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James Nachtwey [2003 laureate] awoke early on September 11, 2001, having flown in from France late the night before. It was unusual for him to be in the city at that time, when he would normally be on assignment elsewhere in the world, documenting conflicts. He took his morning coffee to the east side of his Water Street loft, and looked out across the East River to the Brooklyn Bridge. He remembers that the sky was the bluest and clearest he’d seen in a long time, a condition pilots call “severe clear.” The bridge was lit from behind, with the sun glinting off the surface of the water. Nachtwey glanced down, and noticed some people standing on an adjacent roof, looking west and pointing toward the sky. He crossed the room to the windows on the other side of the loft and saw the north tower of the World Trade Center in flames. A few minutes later, the second plane hit the south tower. Nachtwey, the greatest war photographer of our time, knew instantly that this was an act of war. He packed up his cameras, loaded all the film he had, and ran toward the burning towers.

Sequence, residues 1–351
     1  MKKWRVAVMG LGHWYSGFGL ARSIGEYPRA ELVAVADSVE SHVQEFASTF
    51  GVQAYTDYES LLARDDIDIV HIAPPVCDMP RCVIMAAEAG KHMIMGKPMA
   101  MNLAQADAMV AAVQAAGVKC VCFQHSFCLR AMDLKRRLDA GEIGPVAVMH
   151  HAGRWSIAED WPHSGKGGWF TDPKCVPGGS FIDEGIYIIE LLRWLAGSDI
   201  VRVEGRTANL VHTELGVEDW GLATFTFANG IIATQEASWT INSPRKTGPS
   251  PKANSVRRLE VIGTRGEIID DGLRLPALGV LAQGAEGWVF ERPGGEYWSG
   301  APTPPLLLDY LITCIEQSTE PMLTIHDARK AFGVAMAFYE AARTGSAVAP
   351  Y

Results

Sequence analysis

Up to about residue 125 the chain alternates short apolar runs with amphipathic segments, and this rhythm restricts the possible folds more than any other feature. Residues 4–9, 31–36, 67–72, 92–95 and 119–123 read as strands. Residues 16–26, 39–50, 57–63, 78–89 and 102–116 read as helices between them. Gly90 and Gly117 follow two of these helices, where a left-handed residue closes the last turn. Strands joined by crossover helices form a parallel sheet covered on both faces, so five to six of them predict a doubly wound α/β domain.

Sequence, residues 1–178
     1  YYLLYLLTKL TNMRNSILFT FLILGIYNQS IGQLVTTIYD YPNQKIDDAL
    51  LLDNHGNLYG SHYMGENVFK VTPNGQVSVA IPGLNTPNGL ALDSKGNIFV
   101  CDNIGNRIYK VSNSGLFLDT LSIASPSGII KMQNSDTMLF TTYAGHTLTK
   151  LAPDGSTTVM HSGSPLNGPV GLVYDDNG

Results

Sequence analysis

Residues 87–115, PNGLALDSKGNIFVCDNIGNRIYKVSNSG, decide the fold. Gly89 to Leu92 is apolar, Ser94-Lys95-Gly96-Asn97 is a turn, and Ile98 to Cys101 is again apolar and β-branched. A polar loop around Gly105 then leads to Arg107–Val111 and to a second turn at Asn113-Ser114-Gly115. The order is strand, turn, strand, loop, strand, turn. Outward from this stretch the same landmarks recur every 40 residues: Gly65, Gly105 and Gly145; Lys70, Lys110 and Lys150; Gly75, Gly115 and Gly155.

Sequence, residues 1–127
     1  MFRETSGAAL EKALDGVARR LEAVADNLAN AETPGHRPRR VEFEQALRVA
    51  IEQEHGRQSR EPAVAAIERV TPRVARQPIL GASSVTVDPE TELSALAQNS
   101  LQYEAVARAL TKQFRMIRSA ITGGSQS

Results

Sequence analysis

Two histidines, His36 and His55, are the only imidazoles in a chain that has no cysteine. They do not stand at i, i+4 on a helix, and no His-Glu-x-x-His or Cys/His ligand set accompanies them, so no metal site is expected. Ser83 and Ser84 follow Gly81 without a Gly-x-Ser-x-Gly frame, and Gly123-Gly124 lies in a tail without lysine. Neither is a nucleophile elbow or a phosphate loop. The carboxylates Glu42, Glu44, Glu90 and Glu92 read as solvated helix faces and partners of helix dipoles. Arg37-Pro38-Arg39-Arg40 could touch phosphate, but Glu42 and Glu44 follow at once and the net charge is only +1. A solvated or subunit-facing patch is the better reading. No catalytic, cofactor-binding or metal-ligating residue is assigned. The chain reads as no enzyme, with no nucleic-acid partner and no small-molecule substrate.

“Through the years my work has been fueled by anger at injustices and atrocities, but always in another country. Now it had happened in my own country, my own city, my own backyard, and the sense of anger had an edge that was even more personal.”

View photos and read Nachtwey's impressions of that fatal morning from TIME